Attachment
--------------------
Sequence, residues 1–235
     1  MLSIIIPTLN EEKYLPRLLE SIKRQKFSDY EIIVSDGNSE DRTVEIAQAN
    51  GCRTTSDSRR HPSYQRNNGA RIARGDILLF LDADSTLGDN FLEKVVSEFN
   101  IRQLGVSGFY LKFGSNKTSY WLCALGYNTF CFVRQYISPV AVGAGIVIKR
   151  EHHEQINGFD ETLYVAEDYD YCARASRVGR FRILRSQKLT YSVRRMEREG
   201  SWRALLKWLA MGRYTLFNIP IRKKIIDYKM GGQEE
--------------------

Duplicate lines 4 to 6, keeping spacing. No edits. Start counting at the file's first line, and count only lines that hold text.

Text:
   101  IRQLGVSGFY LKFGSNKTSY WLCALGYNTF CFVRQYISPV AVGAGIVIKR
   151  EHHEQINGFD ETLYVAEDYD YCARASRVGR FRILRSQKLT YSVRRMEREG
   201  SWRALLKWLA MGRYTLFNIP IRKKIIDYKM GGQEE